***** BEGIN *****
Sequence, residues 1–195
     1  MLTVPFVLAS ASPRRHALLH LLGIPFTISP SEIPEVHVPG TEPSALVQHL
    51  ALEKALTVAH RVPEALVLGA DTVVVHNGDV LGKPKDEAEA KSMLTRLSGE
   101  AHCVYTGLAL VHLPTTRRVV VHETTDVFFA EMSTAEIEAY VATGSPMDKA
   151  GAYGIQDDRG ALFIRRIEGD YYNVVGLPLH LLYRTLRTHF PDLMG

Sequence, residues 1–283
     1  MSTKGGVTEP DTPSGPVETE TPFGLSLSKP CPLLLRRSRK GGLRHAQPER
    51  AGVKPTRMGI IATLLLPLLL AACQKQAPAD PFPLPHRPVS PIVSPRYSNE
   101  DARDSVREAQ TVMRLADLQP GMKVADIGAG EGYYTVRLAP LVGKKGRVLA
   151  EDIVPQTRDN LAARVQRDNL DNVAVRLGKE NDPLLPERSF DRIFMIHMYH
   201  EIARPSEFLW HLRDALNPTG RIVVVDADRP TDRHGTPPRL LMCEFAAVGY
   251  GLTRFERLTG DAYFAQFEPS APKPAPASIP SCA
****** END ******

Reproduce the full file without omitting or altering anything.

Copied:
Sequence, residues 1–195
     1  MLTVPFVLAS ASPRRHALLH LLGIPFTISP SEIPEVHVPG TEPSALVQHL
    51  ALEKALTVAH RVPEALVLGA DTVVVHNGDV LGKPKDEAEA KSMLTRLSGE
   101  AHCVYTGLAL VHLPTTRRVV VHETTDVFFA EMSTAEIEAY VATGSPMDKA
   151  GAYGIQDDRG ALFIRRIEGD YYNVVGLPLH LLYRTLRTHF PDLMG

Sequence, residues 1–283
     1  MSTKGGVTEP DTPSGPVETE TPFGLSLSKP CPLLLRRSRK GGLRHAQPER
    51  AGVKPTRMGI IATLLLPLLL AACQKQAPAD PFPLPHRPVS PIVSPRYSNE
   101  DARDSVREAQ TVMRLADLQP GMKVADIGAG EGYYTVRLAP LVGKKGRVLA
   151  EDIVPQTRDN LAARVQRDNL DNVAVRLGKE NDPLLPERSF DRIFMIHMYH
   201  EIARPSEFLW HLRDALNPTG RIVVVDADRP TDRHGTPPRL LMCEFAAVGY
   251  GLTRFERLTG DAYFAQFEPS APKPAPASIP SCA